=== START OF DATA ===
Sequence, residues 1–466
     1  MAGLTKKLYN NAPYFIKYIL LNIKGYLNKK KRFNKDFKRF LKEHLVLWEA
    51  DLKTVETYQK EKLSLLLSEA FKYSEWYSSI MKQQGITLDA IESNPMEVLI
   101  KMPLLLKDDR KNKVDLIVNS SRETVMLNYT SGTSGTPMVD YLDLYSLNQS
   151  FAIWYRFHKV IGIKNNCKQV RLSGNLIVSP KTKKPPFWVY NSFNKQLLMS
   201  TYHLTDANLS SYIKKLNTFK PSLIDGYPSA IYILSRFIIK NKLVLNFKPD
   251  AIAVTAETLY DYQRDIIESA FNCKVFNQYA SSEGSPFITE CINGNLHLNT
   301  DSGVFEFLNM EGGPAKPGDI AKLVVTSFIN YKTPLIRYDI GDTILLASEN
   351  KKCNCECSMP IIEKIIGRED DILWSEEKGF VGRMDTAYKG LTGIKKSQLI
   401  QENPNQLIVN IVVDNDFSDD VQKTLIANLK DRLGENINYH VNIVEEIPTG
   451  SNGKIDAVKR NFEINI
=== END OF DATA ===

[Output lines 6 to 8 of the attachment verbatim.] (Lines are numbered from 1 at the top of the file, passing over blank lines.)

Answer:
   201  TYHLTDANLS SYIKKLNTFK PSLIDGYPSA IYILSRFIIK NKLVLNFKPD
   251  AIAVTAETLY DYQRDIIESA FNCKVFNQYA SSEGSPFITE CINGNLHLNT
   301  DSGVFEFLNM EGGPAKPGDI AKLVVTSFIN YKTPLIRYDI GDTILLASEN